In my last post I talked about ASB loans vs. periodic savings, so here I’ll delve a little further into calculating returns.
One of the main concerns raised is that the loan is only beneficial for as long as your returns exceed the interest rates charged by the banks. For example, if the bank charges an interest rate of 5.5% per annum, you’re only better off if the ASB fund declares annual dividends above that rate.
But is this true? I decided to plug in some numbers to find out if that is the case.
To begin, I made the following assumptions:
1) Loan amount: RM200,000
2) Interest rate: 5.45% per year (taken from a bank website)
3) Loan tenure: 30 years
4) Average annual ASB dividends: 6.5% per year
5) Leave all dividends untouched and reinvested for the entire 30 years
Using these assumptions, I wanted to try and find two things, which are:
1) How much I would have in my ASB account after 30 years
2) How much I have had to pay the bank (interest + principal) over the 30 years
3) What my returns are (amount I made against amount I paid the bank)
And here’s what I got:
|Amount at End||RM1,322,873.23|
At the end of the loan period I would have paid the bank almost RM390k but in return I would have a balance of RM1.3m in my ASB account. Considering the amount I paid and what I have earned in my account, my total returns would be about 227%, which is pretty amazing if you ask me (all thanks to the power of compounding returns!).
Great! If dividends are above interest rates charged, we’d be rolling in money, ready for retirement. Now, what happens if dividends fall below interest rates?
Let’s revisit my earlier assumptions:
- Loan amount: RM200,000
- Interest rate: 5.45% per year (taken from a bank website)
- Loan tenure: 30 years
- Average annual ASB dividends: 4.5% per year
- Leave all dividends untouched and reinvested for the entire 30 years
Here’s my results:
|Amount at End||RM749,063.63|
As it turns out, with annual dividends at 4.5% for over 30 years, consistently lower than the interest rate charged by the bank, I would still look to make over 85% returns on my investment. Still pretty decent!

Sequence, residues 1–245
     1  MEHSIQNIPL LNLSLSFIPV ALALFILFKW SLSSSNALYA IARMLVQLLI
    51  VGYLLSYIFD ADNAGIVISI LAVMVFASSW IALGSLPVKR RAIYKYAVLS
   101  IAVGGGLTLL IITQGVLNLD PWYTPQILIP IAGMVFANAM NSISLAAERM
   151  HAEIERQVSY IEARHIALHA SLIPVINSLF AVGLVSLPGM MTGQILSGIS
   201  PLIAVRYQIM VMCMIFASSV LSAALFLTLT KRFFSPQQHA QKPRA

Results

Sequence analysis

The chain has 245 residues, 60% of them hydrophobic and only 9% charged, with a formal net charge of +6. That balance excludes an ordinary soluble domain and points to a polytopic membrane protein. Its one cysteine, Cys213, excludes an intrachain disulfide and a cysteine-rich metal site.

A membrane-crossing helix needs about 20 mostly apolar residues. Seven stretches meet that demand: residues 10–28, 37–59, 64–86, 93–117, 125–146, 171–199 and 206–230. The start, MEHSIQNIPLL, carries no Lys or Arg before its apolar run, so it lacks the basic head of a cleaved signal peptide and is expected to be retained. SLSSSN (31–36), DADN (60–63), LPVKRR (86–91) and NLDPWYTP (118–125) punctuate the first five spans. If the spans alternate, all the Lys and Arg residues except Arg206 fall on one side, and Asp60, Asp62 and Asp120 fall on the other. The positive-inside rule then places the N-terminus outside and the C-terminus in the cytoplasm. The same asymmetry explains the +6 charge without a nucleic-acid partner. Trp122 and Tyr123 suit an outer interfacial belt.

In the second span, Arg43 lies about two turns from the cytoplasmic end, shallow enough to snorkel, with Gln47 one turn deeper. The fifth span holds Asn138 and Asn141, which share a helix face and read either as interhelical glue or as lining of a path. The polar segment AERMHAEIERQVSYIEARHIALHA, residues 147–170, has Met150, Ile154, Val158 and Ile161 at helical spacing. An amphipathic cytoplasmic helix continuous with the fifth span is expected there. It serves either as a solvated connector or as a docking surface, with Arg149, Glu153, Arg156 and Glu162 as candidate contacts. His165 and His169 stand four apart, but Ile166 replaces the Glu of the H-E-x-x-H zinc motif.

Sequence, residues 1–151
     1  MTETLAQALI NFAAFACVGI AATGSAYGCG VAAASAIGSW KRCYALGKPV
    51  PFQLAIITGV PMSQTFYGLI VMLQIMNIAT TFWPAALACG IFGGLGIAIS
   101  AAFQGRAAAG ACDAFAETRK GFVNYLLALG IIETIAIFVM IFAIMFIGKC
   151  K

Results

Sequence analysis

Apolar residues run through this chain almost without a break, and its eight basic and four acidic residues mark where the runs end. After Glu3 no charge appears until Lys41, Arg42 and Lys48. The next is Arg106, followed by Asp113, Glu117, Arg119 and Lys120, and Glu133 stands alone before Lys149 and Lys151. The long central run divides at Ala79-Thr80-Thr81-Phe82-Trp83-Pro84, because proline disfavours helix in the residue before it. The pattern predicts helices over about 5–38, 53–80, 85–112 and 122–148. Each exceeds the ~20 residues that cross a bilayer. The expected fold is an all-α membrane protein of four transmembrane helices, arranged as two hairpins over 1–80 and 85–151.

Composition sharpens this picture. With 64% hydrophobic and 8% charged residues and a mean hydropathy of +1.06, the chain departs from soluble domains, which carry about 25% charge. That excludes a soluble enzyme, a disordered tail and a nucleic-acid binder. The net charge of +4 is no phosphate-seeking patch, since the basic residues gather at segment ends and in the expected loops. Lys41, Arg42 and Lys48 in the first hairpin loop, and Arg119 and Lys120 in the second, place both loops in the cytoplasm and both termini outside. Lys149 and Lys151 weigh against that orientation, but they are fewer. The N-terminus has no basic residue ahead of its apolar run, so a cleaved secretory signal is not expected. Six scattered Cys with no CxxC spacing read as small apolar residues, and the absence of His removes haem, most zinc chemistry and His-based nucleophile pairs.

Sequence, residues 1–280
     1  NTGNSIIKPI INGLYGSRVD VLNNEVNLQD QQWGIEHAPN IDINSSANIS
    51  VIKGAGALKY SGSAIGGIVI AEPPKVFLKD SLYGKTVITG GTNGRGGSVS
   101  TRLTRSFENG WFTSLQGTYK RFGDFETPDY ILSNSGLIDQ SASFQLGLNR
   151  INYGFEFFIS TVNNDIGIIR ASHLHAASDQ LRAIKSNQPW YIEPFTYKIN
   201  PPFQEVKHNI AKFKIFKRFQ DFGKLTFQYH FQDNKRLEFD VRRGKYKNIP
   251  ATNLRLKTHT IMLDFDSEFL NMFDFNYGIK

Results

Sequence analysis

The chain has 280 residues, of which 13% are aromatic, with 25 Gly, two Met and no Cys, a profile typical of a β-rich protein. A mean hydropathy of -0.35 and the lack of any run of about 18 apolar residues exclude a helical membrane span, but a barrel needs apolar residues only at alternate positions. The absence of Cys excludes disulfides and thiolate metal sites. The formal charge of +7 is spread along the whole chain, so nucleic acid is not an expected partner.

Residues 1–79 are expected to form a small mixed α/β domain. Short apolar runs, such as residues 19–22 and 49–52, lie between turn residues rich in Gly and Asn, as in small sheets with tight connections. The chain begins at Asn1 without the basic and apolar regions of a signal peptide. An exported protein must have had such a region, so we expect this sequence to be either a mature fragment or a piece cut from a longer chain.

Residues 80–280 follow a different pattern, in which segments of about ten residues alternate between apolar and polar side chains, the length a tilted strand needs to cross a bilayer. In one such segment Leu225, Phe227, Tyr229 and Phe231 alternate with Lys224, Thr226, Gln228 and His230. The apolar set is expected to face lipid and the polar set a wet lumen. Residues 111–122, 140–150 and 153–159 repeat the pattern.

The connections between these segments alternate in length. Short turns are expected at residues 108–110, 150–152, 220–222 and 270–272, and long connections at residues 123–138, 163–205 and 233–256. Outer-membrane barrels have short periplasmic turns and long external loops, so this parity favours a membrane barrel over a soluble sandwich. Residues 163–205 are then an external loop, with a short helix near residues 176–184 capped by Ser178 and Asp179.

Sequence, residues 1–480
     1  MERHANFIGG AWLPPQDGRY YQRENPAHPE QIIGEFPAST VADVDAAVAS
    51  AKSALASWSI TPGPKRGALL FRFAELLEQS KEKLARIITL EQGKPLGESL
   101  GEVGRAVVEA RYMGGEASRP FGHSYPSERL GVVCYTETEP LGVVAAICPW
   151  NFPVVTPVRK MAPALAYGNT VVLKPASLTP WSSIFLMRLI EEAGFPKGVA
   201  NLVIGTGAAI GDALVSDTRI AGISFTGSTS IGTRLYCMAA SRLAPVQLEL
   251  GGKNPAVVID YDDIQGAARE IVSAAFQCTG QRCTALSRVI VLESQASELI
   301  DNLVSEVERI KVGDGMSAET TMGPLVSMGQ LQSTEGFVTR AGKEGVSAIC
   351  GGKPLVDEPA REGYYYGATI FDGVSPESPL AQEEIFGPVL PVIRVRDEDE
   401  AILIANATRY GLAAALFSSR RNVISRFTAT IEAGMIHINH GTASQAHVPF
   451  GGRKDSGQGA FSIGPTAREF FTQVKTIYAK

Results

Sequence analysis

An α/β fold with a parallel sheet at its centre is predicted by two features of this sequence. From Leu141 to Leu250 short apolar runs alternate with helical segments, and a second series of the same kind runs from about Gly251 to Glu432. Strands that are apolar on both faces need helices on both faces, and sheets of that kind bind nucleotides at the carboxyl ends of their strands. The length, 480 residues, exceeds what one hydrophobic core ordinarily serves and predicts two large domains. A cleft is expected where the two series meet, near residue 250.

Fiddling around, I found that dividend rates would need to average at about 2.37% per year for over thirty years for me to not be able to make any gains on my ASB loan:
|Amount at End||RM403,841.64|
What this means is that, ASB dividends would need to be very low (lower than fixed deposit rates) and for a long time in order for the ASB loan to not be profitable. Whilst it’s very possible that something like this could happen, I’m going to go out on a limb and say that it’s very unlikely.
Bear in mind that, the scenarios illustrated above is based on keeping my dividends reinvested, in order capitalise on compounded returns. If I took out my dividends every year, my profit would look very much different:
|Amount at End||RM200,000.00|
|Total dividends earned||RM390,000.00|
|Total capital + dividends||RM590,000.00|
In this scenario, I would take out my dividends every year, so over the course of 30 years, I would have earned (and spent) a total of RM390 thousand in dividends (assuming average dividend rates of 6.5%). If I added that to the amount I am left with at the end and compare it with how much I’ve paid the bank, my total profit would be 46%, still good, but a lot, lot less than what I would have ended up with if I had left my dividends alone.
Tweaking the numbers, dividends would need to average at about 3.4% for over thirty years for me not to make any money:
|Amount at End||RM200,000.00|
|Total dividends earned||RM204,000.00|
|Total capital + dividends||RM404,000.00|
As it turns out, to a certain level below the interest rate, your ASB loan can still be profitable. You’d make a lot more of course, if you let your returns compound, but even if you took a portion of your dividends out each year, there’s still some profits to be made by the end of the loan tenure.
There you have it, as far as I can tell, the ASB loan really does seem like a productive loan. So, if you haven’t already, perhaps you could consider one, as a form of forced savings for your future.
(For the real wonks, these returns are nominal, and I haven’t discounted them to present value).